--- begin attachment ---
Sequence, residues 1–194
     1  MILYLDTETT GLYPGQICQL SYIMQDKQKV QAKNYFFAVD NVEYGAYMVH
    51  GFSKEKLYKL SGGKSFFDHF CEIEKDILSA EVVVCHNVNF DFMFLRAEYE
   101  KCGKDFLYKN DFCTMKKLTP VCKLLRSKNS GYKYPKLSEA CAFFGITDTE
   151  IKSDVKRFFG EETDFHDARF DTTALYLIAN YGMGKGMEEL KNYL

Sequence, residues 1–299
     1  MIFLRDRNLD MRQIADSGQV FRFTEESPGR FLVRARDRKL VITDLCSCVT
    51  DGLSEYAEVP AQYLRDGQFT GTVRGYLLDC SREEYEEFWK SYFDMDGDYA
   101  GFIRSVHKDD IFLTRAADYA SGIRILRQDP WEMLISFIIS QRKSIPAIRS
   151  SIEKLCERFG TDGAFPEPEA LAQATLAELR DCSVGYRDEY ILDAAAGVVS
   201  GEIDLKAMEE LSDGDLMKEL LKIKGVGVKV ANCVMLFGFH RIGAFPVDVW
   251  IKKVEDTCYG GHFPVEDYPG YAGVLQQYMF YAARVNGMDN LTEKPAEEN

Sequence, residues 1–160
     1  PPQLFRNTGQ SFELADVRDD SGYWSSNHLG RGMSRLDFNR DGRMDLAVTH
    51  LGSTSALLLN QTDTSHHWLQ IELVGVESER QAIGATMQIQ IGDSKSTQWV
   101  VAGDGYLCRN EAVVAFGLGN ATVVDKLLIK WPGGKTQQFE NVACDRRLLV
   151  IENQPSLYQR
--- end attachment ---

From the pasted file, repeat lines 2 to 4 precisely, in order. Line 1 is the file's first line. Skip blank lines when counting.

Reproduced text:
     1  MILYLDTETT GLYPGQICQL SYIMQDKQKV QAKNYFFAVD NVEYGAYMVH
    51  GFSKEKLYKL SGGKSFFDHF CEIEKDILSA EVVVCHNVNF DFMFLRAEYE
   101  KCGKDFLYKN DFCTMKKLTP VCKLLRSKNS GYKYPKLSEA CAFFGITDTE